Dorsey Sims.jpg

Dorsey Sims

A Baker man was sentenced to 25 years in prison Tuesday after pleading guilty to manslaughter in the 2014 bludgeoning death of a man whose remains were found two years later wrapped in a tarp along an Iberville Parish bayou.

Dorsey Joseph Sims was scheduled to stand trial this week on a second-degree murder charge in the killing of Charles "C.J." Hills Jr. A conviction on that charge would have carried a mandatory term of life in prison.

Sims, flanked by defense lawyers Tiffany Foxworth and Joel Porter, instead entered what is known as a "best-interest" plea to manslaughter, telling state District Judge Don Johnson he was doing so “not because I’m guilty.”

The father of seven children ranging in age from 5 to 25 said he couldn’t risk being put behind bars for the rest of his life and not seeing his family.

“I’m 44 and I got 25 years for a crime I didn’t commit,” he said. “You ain’t got nothing physical on me.”

East Baton Rouge Parish District Attorney Hillar Moore III said no DNA evidence or other physical evidence was available due to the extended length of time between the homicide and the discovery and identification of the remains.

Hills disappeared in January 2014. Skeletal remains found in October 2016 off La. 77 near Rosedale were identified in March 2017 as  Hills. An East Baton Rouge Parish grand jury indicted Sims six months later.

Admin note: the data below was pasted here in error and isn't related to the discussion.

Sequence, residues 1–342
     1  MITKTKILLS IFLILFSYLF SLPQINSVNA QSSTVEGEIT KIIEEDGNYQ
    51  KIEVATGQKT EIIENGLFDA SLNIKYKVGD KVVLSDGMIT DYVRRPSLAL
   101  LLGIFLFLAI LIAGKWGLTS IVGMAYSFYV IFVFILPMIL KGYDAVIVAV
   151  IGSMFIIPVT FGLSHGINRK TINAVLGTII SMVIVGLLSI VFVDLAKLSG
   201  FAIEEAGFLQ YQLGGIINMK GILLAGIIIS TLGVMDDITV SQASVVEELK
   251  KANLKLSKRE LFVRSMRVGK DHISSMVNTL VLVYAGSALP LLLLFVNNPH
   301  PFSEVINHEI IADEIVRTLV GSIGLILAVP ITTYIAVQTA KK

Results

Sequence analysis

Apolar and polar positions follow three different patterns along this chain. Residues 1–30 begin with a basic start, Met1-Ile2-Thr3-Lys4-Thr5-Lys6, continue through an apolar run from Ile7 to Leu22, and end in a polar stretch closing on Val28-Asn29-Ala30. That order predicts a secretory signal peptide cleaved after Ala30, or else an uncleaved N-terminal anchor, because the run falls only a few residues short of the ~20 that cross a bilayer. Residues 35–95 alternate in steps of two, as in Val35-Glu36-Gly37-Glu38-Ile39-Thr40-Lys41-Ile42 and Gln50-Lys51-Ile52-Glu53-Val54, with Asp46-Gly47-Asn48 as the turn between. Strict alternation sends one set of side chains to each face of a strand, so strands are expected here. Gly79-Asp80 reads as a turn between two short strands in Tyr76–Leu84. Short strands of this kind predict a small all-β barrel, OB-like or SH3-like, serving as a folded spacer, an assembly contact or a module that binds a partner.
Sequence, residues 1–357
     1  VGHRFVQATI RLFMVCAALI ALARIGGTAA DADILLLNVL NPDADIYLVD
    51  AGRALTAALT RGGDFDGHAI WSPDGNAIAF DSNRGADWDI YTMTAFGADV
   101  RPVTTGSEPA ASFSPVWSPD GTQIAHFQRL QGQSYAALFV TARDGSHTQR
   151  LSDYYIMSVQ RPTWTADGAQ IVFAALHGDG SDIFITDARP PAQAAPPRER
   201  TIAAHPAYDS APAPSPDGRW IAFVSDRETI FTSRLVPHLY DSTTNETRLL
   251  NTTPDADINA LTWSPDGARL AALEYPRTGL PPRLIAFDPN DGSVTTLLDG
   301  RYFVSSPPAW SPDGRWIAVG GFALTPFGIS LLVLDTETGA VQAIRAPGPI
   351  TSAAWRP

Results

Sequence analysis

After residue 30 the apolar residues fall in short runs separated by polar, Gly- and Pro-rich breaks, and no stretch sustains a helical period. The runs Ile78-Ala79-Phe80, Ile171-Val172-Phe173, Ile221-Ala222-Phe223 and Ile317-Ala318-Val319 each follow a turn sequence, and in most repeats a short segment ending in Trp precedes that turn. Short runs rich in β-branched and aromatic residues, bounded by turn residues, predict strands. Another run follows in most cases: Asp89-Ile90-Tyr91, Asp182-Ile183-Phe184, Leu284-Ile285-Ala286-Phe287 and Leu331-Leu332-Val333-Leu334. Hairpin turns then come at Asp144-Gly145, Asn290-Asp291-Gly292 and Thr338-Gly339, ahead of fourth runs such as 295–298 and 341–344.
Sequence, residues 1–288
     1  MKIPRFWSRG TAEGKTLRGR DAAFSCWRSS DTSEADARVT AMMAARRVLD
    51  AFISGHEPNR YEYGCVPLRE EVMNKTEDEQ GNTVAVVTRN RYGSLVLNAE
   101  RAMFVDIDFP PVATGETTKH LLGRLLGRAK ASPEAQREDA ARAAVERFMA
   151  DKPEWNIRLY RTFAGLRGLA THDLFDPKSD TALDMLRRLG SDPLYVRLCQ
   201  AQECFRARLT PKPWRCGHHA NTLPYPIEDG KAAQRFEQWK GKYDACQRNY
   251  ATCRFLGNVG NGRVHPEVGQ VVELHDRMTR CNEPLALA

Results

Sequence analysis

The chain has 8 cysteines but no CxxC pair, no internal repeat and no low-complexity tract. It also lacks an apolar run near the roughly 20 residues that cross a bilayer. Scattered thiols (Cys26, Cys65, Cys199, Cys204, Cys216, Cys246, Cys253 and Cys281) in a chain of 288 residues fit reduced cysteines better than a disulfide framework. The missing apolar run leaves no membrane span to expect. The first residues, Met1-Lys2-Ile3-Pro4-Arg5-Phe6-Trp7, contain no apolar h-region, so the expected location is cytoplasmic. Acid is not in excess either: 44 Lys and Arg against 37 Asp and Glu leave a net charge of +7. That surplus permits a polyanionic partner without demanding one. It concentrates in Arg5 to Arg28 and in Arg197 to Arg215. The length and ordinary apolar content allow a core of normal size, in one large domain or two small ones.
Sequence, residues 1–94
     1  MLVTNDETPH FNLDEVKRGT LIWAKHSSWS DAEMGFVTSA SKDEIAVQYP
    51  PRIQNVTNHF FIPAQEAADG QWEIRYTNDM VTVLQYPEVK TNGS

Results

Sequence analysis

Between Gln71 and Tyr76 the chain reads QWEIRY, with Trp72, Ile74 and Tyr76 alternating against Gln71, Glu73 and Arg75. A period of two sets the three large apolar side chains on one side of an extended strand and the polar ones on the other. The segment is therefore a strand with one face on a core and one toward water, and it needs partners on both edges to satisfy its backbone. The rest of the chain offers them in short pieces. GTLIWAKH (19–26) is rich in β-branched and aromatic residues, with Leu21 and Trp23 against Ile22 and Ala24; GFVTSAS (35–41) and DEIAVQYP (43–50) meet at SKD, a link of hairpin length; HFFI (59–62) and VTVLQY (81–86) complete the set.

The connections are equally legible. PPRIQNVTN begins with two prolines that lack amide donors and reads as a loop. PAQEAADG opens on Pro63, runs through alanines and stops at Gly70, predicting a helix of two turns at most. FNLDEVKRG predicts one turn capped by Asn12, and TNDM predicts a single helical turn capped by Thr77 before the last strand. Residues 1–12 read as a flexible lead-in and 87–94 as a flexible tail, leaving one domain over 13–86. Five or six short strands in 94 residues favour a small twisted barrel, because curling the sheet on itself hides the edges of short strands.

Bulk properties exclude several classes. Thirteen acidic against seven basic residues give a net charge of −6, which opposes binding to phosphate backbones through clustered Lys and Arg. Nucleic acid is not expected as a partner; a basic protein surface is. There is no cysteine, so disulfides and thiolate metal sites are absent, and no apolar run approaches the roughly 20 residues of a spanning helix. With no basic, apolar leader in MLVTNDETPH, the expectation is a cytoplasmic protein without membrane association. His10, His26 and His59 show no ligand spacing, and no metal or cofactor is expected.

Hills’ father, Charles Hills Sr., was not in the courtroom when Sims pleaded guilty but said later in a brief telephone interview that he’s been dealing with his son’s death for 5 ½ years.

“I’m just thank God for bringing this to a conclusion,” he said.

Moore applauded the efforts of the Iberville Parish sheriff’s and coroner’s offices, Baton Rouge Police Department, LSU FACES Lab, Louisiana State Police Crime Lab as well as his office’s investigative staff.

Prosecutor Dana Cummings said inside the courtroom that Sims was living with Hills on Prescott Road in Baton Rouge in 2014 when Sims accused Hills of taking drugs from him. Baton Rouge police have said evidence suggested Hills was killed in the Baton Rouge area, and his body was dumped in Iberville.

Sims’ cellphone records showed him traveling from the Prescott Road area to the Rosedale area in the early morning hours of Jan. 12, 2014, detectives have said.

Cummings has said Sims, who was in jail in the fall of 2016 on unrelated charges, made incriminating statements in recorded jail calls and in a recorded jail visitation indicating he knew that the recovered body was Hills — months before the identity of the remains were announced.

“These phone calls and the visitation contain the defendant’s admissions … proving that he knew that the body recovered was Charles “C.J.” Hills and that he was apprehensive about the ramifications of the discovery of the remains,” Cummings wrote in a court filing earlier this year.

Cummings said in court Tuesday that Hills was bludgeoned to death, probably with a hammer. He died of blunt force trauma to the head.

Sims’ brother, Dandre Brown, also was booked in 2017 on second-degree murder in Hills’ death, but the same grand jury that indicted Sims took no action against Brown.

Follow Joe Gyan Jr. on Twitter, @JoeGyanJr.